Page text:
Scott Clan History
The Latin word “Scotti” originally denoted the Irish Celts and later the Gaels in general.

The earliest certain record of the name was of Uchtredus filius Scotti, who lived around 1130. From him were descended the Scotts of Buccleuch and the Scotts of Balwearie.

The Scotts married well and acquired more lands and in time became one of the most powerful border clans. In fact, by the end of the fifteenth century it was said that the chief of the Scotts could easily call upon “1000 spears” to enforce his will.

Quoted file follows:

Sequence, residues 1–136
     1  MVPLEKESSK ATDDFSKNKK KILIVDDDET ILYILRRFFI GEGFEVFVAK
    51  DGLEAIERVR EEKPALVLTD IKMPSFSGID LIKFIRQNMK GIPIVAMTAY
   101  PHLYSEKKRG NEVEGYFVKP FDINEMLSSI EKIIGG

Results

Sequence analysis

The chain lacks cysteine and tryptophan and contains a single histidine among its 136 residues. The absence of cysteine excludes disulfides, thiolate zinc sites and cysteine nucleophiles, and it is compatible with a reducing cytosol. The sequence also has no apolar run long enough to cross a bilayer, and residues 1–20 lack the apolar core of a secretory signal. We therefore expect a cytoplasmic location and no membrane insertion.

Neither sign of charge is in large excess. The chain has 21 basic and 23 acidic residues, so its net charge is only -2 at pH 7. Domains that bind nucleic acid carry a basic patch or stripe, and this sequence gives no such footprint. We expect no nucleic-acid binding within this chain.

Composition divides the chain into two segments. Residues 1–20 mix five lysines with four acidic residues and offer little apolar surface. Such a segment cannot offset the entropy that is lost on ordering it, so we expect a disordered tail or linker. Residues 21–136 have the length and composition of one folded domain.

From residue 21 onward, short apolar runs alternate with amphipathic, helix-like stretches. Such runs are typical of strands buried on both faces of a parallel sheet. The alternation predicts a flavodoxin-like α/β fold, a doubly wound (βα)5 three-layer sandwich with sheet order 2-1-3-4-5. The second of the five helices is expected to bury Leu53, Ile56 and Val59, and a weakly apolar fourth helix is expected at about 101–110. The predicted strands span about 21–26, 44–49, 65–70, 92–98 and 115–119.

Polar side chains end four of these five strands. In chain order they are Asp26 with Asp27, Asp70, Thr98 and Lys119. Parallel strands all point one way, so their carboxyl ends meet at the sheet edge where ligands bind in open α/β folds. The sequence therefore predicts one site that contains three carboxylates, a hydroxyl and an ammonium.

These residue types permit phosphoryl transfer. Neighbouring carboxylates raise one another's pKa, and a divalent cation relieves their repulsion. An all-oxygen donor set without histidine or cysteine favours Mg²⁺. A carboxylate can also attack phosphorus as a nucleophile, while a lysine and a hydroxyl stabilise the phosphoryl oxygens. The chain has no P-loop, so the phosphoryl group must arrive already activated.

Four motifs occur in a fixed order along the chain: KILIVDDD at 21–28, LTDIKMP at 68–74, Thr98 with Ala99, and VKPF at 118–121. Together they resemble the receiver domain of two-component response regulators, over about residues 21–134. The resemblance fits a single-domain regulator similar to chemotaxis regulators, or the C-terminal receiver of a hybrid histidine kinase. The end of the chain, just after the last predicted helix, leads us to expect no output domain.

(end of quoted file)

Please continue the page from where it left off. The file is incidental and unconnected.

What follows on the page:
In common with most Borders families, the Scotts quarrelled regularly with their neighbours and would gather for battle at Bellendean, near the head of the Borthwick Water in Roxburghshire. “A Bellendaine” is cited in ballad books of the time as their war cry, and it is also the slogan of the clan Scott upon the standard of the “Bold Buccleuch”, as they are known.

The importance of the Scott clan is shown in the splendid marriage of Anne Scott to James, Duke of Monmouth (the illegitimate son of King Charles II) and in the fact that he adopted the name Scott when the marriage was agreed. The Scott family is known today for the internationally acclaimed Buccleuch art collection housed in the three great houses of the family.